Getting Real

There are two photos taken from behind and far away. One is of Pavement's Stephen Malkmus, the other is of the artist Craig Wadlin—both men she has painted before. This is the Peyton of 1993–97. The love is there, but it's nonthreatening. Until recently, in fact, she seemed capable only of looking at men who were not looking at her, as if eye contact would be too intense.

In another telling shot, Peyton moves closer—though she still hovers just out of harm's way—as she gazes at a group of boys on a London street. You'd have to be an insider to know this, or be told, but this is a portrait of a number of young men who are having their day in the art world—they're all on the rise. Among them is the painter Peter Doig (her first balding subject, I might add), critic-curator Matthew Higgs, Martin McGeown and Andrew Wheatley of London's Cabinet Gallery, and her friend and art dealer Gavin Brown. You can see how she hangs on every moment, how she loves being here, now; but when you compare these faces to the faces she paints, you can see the moment passing. These men aren't just pretty boys; they're mature, they work hard, are not otherworldly or especially decadent, and they are aging. Throughout this exhibition Peyton is showing you a generation coming to power.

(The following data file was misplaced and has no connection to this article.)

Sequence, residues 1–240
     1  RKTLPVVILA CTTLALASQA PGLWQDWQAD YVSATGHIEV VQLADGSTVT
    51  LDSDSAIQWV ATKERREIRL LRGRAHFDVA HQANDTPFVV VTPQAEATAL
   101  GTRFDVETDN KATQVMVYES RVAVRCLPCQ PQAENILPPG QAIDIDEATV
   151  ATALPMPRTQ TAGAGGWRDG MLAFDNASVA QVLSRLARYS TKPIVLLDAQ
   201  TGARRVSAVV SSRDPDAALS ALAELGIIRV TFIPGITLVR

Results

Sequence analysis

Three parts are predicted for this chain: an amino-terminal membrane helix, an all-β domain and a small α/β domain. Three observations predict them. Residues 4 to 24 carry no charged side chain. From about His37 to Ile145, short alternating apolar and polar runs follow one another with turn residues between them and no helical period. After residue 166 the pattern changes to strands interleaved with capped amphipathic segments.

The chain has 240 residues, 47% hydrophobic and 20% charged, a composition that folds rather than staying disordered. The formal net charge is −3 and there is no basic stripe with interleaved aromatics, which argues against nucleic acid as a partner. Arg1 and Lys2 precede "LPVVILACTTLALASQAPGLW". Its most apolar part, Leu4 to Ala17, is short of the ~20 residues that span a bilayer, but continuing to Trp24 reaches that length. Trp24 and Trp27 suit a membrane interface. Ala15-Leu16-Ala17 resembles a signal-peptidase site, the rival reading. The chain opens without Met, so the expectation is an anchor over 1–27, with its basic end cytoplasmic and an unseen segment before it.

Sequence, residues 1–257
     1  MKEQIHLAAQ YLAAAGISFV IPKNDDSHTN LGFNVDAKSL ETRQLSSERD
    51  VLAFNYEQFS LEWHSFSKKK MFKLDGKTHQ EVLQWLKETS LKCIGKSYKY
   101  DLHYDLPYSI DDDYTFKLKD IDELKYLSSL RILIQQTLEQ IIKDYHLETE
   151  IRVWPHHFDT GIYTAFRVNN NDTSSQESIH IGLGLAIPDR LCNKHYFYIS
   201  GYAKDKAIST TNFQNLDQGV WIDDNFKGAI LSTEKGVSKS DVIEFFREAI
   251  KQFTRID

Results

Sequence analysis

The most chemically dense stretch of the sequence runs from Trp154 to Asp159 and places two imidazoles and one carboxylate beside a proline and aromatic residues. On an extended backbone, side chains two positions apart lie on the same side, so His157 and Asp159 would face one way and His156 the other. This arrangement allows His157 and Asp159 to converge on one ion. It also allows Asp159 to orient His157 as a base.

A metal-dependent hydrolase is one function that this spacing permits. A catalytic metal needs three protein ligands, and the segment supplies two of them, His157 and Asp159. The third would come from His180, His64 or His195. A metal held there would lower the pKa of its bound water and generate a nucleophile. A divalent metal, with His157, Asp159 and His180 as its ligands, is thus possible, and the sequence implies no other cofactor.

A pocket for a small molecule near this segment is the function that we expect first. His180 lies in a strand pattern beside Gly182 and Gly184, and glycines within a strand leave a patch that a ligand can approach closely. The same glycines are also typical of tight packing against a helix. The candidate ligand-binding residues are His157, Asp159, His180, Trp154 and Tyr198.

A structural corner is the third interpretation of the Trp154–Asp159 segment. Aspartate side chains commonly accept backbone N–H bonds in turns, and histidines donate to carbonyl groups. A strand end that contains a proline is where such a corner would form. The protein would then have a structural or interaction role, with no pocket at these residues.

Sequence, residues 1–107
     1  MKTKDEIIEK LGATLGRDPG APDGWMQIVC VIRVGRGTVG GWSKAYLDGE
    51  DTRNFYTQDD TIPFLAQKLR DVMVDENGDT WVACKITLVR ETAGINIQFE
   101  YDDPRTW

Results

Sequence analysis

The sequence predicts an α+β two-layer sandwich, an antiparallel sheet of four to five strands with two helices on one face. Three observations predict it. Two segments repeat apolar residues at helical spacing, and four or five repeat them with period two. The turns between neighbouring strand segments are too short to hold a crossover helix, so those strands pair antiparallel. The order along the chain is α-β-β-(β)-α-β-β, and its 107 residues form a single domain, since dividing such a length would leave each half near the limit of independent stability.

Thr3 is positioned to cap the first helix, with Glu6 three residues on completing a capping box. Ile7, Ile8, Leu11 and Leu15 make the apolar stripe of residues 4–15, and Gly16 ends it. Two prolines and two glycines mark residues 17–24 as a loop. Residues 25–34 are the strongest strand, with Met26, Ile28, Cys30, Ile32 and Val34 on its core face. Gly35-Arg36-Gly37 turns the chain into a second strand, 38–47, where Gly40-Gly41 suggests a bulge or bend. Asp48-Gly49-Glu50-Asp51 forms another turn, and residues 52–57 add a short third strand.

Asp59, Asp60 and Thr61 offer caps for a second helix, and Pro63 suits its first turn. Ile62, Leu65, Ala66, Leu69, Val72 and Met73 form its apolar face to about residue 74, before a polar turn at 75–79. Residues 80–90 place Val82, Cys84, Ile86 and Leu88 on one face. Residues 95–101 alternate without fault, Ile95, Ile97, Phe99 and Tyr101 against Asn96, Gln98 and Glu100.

Replacing starry-eyed fantasy with a more complex ½ction: Peyton’s Colin de Land (1999), center, at Gavin Brown
Robin Holland
Replacing starry-eyed fantasy with a more complex ½ction: Peyton’s Colin de Land (1999), center, at Gavin Brown


Elizabeth Peyton
Gavin Brown’s enterprise
436 West 15th Street
Through May 1

All this can make her art seem clubbish or like an imitation of Billy Name's Warhol Factory photos. But Peyton simply shows you her world and her process; shows herself edging closer, living life, not just painting it. She's trying to show you that, while she embellishes life, she's not pretending. She has to push her paintings further, but she seems to want to discard and interrupt the girl-fan thing. And while her images may be mediated by a photographic or fictional distance, her love is real, and getting more so.

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